The issue of punitive damages for failure to pay maintenance and cure under the Jones Act is perhaps my favorite topic in maritime law. In most states, punitive damages are available only in rare instances, if even available at all. Additionally, it can be rather difficult to prove up a level of culpability sufficient to qualify an injured plaintiff to receive punitive damages. Punitive damages for failure to pay maintenance and cure is no different.
During my tenure of actively litigating on behalf of injured Jones Act seamen, I encountered only two cases where punitive damages were potentially on the table, so to speak. In one case, a settlement was reached prior to trial, where the judge would have ruled on the merits of our punitive damages claim. Therefore, whether punitive damages would have been awarded in that case will never be known. I would like to think they would have.
I was successful in assisting another client in obtaining a judgment for punitive damages recently in Louisiana State Court. Seeing the order was the pinnacle of my maritime litigation career thus far. I must admit the facts in that case were particularly egregious and so the question of entitlement to punitive damages wasn’t too far “up in the air.” However, I must note the judge in that case did not set the amount of punitive damages, he reserved the resolution of that issue for later proceedings. Therefore, there is a decent probability the case will settle prior to that amount being set by judge or a jury. In the end, I consider the mere entitlement to punitive damages a major victory and one I am extremely proud of.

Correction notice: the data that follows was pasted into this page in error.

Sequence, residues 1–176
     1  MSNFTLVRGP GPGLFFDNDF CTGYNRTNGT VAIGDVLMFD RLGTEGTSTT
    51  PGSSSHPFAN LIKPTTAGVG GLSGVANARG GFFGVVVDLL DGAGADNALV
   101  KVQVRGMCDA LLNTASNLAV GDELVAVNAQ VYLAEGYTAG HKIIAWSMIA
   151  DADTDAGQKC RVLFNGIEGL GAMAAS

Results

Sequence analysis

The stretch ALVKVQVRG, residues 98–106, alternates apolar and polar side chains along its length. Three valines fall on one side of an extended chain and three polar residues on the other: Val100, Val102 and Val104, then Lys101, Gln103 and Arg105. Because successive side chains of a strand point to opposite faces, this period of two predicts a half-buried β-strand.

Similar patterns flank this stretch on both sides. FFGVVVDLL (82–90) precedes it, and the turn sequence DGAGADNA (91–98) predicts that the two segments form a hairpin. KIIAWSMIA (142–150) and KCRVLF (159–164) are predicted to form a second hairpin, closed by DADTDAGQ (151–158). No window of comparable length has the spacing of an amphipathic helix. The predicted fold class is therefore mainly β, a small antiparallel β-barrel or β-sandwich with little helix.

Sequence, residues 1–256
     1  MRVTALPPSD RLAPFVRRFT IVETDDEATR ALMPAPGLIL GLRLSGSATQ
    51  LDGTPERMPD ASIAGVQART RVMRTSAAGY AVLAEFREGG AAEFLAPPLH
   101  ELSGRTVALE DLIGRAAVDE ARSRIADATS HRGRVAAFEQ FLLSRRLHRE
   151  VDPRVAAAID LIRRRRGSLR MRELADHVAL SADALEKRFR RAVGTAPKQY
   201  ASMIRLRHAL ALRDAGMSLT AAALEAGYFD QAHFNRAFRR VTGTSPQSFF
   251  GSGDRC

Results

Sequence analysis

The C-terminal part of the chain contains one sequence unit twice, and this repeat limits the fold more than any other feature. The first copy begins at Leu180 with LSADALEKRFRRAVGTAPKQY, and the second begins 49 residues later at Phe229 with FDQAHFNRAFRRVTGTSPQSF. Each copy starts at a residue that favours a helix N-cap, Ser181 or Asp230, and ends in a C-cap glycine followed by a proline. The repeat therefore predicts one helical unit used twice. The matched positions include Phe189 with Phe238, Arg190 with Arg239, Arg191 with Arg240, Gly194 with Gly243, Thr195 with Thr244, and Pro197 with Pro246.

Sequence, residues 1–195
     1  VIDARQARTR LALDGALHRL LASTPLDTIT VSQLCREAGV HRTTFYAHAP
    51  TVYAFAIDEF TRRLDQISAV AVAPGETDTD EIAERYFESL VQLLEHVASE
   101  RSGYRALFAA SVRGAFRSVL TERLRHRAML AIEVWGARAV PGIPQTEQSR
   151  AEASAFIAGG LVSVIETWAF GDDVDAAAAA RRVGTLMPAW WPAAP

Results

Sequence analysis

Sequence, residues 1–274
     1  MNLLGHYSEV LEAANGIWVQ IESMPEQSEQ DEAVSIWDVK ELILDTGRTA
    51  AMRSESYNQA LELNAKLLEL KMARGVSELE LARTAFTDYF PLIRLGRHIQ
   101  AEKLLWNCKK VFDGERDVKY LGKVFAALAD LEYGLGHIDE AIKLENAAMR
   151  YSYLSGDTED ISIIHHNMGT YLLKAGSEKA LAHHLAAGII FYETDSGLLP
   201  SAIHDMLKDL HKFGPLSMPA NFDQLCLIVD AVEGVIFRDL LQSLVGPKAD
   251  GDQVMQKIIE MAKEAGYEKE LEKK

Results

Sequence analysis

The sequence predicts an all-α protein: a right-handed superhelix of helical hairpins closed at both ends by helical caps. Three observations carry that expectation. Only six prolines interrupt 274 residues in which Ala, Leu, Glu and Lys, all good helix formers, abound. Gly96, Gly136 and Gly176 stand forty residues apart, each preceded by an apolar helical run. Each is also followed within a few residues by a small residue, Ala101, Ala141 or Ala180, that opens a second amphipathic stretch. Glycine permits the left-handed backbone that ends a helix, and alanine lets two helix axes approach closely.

Under the Jones Act and General Maritime Law, injured seamen are entitled to punitive damages when their employer fails to pay maintenance and/or cure. The reason for this is because the right for an injured seaman to receive maintenance and cure is an ancient right and one that is firmly embedded in maritime jurisprudence. The right to receive maintenance and cure has its origins in ancient codes which are perhaps thousands of years old.
To receive maintenance and cure, a seaman merely has to be injured while working in service of the vessel. The right is not tied to any specific showing of negligence on behalf of the vessel owner. Simply getting hurt while on the job is sufficient to entitle an injured seaman to maintenance and cure. Therefore, the right to receive maintenance and cure should be very simple and straightforward and not subject to technical exceptions or work around. The courts over the years have tried to keep it this way.
To receive punitive damages for failure to pay maintenance and cure under the Jones Act and General Maritime Law, the injured seaman must show not only that the vessel owner failed to pay them maintenance and/or cure, but that such failure was arbitrary, capricious, and recalcitrant. In fact, courts over the years have used a number of different adjectives to describe the level of culpability, on the part of the vessel owner, necessary to entitle an injured seaman to punitive damages for failure to pay maintenance and cure. At this juncture, just note the facts of the case must show a heightened level of culpability in order to receive punitive damages.